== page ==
Progress and balance are key words. Keep moving forward, keep finding good things to give yourself to, but maintain your balance along the way.

The space between everything and nothing is something. You may not be saving the world, but doing something is still something. It is still a step in the right direction. Maybe there will come a day when you realize that your balanced progress has come so far that you are actually accomplishing the everything you once dreamed of.

Summer Fennel Refresher

I don’t really drink soda. So when summer comes, I’m always looking for new beverages to peak my interest. I don’t have anything particularly against soda. It’s just that it’s so very…well, not real. So this summer, I had some extra fennel and opted to try something a little more real. The idea came to me when I cut off the stalk and realized there was a hole down the middle of it. “A straw!” I said. And a wonderful straw it was, indeed.

Also, if you are unfamiliar with fennel, it is the flavor of black licorice. Some call it anise, but it is not exactly anise, just very similarly flavored. This drink is reminiscent of root beer and ginger beer. The vanilla will add an element of cream soda. Since I love those flavors, it may come out a little strong or not sweet enough for you. Use more carbonated water and/or sugar, no harm done.

Summer Fennel Refresher

2 Medium-Large Stalks Fennel (just the green part)

1 T. Sugar

1 t. Molasses

1/4 t. Ground Ginger

12 oz. Chilled Carbonated Water

Optional:

1 t. Vanilla (I would use Vanilla Bean Paste)

1. Slice the smaller stalk of fennel very thin. Leave the larger stalk whole, cutting off each end until you can see the hole through the middle.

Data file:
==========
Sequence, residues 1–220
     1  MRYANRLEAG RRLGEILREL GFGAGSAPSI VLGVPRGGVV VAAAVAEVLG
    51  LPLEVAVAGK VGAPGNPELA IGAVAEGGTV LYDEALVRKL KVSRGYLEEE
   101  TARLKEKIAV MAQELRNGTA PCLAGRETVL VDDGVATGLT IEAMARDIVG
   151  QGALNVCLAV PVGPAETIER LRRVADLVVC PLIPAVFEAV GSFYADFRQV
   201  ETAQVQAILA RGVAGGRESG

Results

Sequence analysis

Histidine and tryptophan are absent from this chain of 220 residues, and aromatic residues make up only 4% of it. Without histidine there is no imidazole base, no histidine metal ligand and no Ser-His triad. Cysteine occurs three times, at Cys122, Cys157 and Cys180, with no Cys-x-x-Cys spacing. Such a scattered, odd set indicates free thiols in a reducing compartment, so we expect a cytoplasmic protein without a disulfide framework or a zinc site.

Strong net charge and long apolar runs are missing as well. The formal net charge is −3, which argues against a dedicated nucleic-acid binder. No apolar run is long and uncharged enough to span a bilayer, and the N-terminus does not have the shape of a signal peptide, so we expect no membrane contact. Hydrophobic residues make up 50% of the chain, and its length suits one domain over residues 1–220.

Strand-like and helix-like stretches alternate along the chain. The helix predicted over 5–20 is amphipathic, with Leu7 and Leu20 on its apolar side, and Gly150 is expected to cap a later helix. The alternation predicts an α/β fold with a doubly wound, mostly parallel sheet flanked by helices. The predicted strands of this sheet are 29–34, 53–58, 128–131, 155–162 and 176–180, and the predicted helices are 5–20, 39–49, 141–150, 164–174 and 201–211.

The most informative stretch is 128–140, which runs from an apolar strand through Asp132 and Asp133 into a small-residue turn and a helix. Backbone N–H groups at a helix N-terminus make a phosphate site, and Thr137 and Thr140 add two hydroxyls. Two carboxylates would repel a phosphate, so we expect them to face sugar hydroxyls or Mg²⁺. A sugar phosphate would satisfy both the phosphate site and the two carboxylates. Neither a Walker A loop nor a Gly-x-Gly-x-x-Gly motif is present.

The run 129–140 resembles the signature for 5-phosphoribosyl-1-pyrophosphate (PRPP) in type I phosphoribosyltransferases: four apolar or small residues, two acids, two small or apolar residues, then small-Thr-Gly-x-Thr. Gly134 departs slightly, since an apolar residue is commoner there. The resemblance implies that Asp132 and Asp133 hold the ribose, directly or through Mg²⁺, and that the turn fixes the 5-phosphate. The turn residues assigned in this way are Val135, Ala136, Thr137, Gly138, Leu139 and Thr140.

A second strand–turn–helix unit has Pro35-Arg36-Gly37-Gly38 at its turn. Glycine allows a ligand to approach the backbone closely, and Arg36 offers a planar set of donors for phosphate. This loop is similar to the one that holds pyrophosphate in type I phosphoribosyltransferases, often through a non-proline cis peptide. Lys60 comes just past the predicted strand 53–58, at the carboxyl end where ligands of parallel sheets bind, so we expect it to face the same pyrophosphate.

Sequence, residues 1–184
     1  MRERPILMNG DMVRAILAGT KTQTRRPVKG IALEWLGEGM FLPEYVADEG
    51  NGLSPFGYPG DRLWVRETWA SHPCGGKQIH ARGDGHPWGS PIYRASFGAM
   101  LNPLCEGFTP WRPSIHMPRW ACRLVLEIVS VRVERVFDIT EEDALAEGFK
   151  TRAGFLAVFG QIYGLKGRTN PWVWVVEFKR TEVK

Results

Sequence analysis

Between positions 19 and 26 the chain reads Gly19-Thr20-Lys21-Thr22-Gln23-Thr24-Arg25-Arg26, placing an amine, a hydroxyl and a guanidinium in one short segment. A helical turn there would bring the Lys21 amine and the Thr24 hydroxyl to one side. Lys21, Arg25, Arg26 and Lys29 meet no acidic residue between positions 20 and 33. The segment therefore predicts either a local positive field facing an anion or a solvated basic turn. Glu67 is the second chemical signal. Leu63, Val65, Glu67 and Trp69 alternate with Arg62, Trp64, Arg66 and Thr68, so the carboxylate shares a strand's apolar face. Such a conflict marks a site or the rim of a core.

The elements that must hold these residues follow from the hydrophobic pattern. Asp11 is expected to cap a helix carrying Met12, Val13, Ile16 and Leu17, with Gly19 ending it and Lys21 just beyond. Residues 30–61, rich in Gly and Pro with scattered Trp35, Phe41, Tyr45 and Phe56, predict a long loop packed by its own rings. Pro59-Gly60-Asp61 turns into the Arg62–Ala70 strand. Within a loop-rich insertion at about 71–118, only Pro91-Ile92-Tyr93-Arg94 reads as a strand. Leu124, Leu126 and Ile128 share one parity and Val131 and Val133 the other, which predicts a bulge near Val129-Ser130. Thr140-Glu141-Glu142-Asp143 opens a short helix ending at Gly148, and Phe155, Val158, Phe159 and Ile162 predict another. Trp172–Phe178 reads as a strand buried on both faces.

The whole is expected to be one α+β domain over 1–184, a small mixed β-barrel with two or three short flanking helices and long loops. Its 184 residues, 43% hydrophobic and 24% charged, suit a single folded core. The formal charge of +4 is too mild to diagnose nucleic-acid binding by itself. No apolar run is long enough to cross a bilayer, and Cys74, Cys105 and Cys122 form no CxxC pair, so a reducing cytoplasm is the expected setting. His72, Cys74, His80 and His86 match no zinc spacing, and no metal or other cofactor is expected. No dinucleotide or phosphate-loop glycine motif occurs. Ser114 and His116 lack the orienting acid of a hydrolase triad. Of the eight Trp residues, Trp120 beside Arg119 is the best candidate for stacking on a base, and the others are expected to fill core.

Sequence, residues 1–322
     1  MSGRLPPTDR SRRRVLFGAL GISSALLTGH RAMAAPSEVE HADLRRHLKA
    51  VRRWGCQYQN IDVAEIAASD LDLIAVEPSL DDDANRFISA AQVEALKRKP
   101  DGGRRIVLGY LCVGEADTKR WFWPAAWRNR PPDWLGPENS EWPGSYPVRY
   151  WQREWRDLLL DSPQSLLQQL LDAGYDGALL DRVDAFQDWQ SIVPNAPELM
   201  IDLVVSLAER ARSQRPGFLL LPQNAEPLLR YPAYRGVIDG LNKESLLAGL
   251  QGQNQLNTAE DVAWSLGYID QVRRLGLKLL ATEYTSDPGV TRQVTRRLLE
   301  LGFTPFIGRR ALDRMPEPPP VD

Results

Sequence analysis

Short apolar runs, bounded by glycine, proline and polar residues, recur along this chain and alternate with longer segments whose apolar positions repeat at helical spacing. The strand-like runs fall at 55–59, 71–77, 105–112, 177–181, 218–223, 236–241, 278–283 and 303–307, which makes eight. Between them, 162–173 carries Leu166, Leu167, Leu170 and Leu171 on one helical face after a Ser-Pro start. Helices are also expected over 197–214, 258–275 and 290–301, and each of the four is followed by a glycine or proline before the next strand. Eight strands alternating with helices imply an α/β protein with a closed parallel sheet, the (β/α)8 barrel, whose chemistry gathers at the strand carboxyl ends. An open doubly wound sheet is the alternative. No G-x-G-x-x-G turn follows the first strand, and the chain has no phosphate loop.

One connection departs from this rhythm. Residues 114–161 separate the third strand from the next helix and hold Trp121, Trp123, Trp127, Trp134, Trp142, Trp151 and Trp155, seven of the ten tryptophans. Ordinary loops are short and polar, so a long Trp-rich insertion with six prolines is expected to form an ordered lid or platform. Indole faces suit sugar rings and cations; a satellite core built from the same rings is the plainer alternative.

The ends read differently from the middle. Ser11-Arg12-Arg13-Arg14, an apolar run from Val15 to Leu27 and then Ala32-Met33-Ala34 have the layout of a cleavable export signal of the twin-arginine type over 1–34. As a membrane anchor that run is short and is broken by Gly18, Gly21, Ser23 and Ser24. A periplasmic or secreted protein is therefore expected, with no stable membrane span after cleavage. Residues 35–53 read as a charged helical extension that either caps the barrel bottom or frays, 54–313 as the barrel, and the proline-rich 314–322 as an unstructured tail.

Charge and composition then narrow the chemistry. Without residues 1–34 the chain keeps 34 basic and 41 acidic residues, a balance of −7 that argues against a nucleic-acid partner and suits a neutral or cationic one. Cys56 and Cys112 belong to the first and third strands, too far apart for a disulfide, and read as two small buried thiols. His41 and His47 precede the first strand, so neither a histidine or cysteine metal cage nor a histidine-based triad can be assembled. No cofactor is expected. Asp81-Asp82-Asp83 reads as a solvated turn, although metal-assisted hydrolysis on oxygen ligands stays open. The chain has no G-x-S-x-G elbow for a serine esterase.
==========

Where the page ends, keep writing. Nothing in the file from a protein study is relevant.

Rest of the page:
2. Muddle together fennel slices, sugar, molasses, ginger, and vanilla (if choosing to use) in a sturdy glass.

3. Pour carbonated water over the mixture and garnish with fennel straw. Use an extra fennel stalk with the fronds still on for more garnish, if you choose.

Happy refreshing!

Sweet & Sour Cucumber Salad

It has been far too long since I have posted anything. There is essentially no excuse. Except that I’m moving soon and getting trapped under a to-do list. Today, however, I’m trying to remember there are more things than our to-do lists that drive us. We are meant to live lives that mean something. Lives that help us and others to see the light. To encourage and create and entrust each other with ourselves. I feel that I am not doing so well on this lately. So, today I remember that this blog is one small way I influence the world positively, with both my food and my words. And although there is a recipe as the primary focus of the post, hopefully those of you reading this will be a little bit encouraged and inspired to live your life to the fullest today. Every day should be a meaningful day for you. We all fail some of the time, but the fact that we are striving for more says something profound about each of us. Be brilliant today in whatever way you are brilliant. You have something unique to give to the world that no one else does.

Sweet & Sour Cucumber Salad

1/2 Cucumber

Handful Green Beans, Snapped and blanched

1/3 Fennel Bulb

1 Baby Onion

1 T. Chives, chopped

1 Mint leaf, torn

Juice of 1/2 lime

1 t. Sugar

Pinch Salt & Pepper

2 T. Dill, chopped

This is a “throw it together” kind of salad. nothing extremely fancy, except how the flavors co-mingle. Cut it all up in whatever way you find most attractive. But I would try to make it all a little uniform because we eat with our eyes first. The measurements are for one salad but as you can see, it would be extremely easy to multiply this and bring to a friendly gathering.

It does well to chill this salad before diving in, although you could do that, too. The lime juice will act to marinate the vegetables a little bit and the flavor will be more intense.

Happy eating!